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Identifying arthritis in dogs

Nadine Lober

Osteoarthritis is the most common form of chronic pain recognized in dogs, affecting an estimated 20 percent of dogs. This translates to roughly 10 million to 20 million dogs in the United States alone.

Osteoarthritis is characterized by the degeneration of the cartilage located at the joint surface called “articular cartilage.” It also involves the changes in the soft tissues.

Osteoarthritis is a problematic disease to diagnose and treat. Just as in humans, osteoarthritis is a slow, progressive disease that must be managed. It occurs with various degrees of severity, ranging from a mild, intermittent condition with minimal discomfort and minimal disability to a clinical state of constant pain along with severe disability.

Osteoarthritis is likely one of the most under-diagnosed syndromes in dogs and cats. It is a common disease in humans, especially in our resort town, where many of us have been and are very active. The consequences of the active lifestyle leads to excessive stresses on our bodies and joints, which in turn can cause arthritis.

Diagnosis of osteoarthritis is made mostly by clinical signs, physical examination and radiographs. The most common clinical signs are joint pain and lameness that may be acute or chronic in dogs.

Chronic pain from osteoarthritis may be difficult to recognize, especially in cats. Cats will arrive at the animal hospital with decreased appetite, weight loss, reluctance to move or failure to self-groom. Occasionally, more specific signs – including refusing to jump or limping – signal the presence of pain.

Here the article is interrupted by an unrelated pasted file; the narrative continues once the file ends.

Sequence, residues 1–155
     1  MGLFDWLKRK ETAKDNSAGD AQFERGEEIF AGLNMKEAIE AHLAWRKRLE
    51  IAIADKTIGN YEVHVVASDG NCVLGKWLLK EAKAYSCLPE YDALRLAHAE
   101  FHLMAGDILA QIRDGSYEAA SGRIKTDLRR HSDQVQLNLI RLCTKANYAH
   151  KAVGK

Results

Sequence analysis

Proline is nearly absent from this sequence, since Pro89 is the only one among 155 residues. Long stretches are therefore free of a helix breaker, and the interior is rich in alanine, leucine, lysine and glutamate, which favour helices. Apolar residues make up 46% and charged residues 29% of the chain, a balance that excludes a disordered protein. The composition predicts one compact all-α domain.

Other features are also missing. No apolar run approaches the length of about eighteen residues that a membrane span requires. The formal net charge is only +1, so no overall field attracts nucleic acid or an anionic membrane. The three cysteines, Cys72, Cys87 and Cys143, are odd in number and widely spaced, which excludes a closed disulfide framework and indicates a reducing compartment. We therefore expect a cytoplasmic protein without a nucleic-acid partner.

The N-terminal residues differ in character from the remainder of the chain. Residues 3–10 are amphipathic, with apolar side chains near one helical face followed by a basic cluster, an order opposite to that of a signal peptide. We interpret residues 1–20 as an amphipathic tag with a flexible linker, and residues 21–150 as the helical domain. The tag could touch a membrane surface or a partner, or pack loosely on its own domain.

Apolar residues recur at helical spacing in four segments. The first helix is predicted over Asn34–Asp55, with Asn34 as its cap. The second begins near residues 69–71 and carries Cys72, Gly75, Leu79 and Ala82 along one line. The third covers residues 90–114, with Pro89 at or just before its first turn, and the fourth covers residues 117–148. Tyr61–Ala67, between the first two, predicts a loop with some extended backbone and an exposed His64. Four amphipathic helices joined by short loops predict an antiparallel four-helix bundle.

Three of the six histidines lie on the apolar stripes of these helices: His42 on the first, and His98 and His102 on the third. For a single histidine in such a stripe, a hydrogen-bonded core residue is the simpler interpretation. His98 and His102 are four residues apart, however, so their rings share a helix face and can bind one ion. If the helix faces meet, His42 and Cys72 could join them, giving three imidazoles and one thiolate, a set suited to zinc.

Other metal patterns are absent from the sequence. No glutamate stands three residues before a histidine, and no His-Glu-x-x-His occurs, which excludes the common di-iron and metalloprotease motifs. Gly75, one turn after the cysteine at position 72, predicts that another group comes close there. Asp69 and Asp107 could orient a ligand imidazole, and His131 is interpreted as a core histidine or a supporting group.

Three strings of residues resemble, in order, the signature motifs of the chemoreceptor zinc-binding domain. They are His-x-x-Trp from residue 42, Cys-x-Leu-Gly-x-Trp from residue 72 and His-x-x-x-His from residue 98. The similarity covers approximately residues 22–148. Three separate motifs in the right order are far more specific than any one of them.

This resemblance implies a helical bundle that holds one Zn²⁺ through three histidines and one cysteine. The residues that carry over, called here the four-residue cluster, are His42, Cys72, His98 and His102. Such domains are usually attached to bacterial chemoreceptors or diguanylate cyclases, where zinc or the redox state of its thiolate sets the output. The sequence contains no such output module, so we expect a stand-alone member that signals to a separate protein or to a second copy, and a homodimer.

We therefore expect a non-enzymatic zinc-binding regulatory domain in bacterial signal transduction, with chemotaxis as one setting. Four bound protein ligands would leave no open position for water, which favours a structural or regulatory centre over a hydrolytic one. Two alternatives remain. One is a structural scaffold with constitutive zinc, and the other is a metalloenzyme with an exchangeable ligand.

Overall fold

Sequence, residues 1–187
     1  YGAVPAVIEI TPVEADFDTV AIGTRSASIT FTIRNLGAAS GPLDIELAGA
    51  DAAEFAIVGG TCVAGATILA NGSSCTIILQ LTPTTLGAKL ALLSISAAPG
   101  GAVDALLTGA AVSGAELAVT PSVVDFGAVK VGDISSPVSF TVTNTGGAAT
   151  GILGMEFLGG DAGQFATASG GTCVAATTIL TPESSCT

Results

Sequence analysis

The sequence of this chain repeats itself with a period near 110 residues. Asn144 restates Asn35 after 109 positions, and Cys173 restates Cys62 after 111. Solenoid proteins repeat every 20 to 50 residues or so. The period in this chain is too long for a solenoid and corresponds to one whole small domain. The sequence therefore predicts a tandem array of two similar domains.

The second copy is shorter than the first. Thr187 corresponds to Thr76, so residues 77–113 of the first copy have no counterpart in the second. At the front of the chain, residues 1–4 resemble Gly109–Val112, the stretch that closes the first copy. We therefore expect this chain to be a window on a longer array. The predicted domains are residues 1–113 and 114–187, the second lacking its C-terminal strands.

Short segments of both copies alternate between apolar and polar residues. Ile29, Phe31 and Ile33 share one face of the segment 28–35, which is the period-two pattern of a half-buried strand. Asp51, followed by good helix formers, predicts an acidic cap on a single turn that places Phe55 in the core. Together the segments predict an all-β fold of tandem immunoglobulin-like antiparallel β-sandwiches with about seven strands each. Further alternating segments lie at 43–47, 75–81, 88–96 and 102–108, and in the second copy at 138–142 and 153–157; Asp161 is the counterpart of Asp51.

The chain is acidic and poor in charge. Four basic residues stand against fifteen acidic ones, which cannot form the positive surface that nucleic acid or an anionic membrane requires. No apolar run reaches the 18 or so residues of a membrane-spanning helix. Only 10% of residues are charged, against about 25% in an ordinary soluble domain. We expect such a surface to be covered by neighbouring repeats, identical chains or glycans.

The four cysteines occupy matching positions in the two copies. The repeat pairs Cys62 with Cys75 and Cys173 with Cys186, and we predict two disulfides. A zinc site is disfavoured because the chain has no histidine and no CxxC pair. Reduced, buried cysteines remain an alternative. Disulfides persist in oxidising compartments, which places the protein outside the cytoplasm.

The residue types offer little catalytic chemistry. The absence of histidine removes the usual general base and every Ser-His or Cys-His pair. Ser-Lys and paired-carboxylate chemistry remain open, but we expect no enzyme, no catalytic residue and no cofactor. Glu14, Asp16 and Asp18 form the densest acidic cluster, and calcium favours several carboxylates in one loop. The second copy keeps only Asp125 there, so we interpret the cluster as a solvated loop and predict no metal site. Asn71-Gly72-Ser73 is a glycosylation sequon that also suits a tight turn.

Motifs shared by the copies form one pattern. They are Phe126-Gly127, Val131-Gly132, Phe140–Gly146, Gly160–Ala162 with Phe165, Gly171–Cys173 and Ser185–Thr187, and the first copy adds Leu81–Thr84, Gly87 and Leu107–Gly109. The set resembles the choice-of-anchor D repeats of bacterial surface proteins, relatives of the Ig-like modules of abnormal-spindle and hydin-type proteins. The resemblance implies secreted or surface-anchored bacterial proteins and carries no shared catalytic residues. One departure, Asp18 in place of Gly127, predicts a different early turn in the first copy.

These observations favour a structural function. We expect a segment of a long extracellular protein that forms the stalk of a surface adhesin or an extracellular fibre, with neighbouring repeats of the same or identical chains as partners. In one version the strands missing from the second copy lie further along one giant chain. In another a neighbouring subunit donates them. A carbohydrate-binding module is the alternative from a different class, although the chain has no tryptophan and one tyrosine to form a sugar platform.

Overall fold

During a physical exam, findings may include: pain, crepitus, swelling, joint effusion, muscle atrophy and a decreased range of motion in the affected joint. Other forms of joint disease need to be ruled out, because the treatment will vary accordingly.

Joint pain results in decreased exercise, which leads to wasting of muscle. With less muscular support of the affected joint, there will be changes in stress on the joint capsule, the ligaments and the lining of the joint.

The damage to the lining causes release of inflammatory mediators into the joint, which in turn perpetuates the pain and damage to the joint. It is imperative to break this harmful cycle of pain, muscle atrophy and stress.

Osteoarthritis should be managed by a multi-step approach, because no single treatment is effective. The major treatments are weight management, exercise modification, acupuncture and medication.

Some clinicians rely on pharmacological management alone, which either unsuccessful or works only for a short time. It is important, therefore, to examine each case differently, assessing the age, activity and most importantly, what owners wants their dogs and cats to do with them.

The majority of animals with osteoarthritis are obese. Weight reduction is one of the most important components of osteoarthritis treatment. Sometimes weight reduction, along with rest and exercise, diminishes or alleviates the clinical signs of the disease. If not, it should slow the progression of the disease.

Other ways to manage the disease include: physical therapy, acupuncture, non-steroidal anti-inflammatories and corticosteroid. These and other treatments will be discussed in a future article.

Dr. Nadine Lober 949-7972


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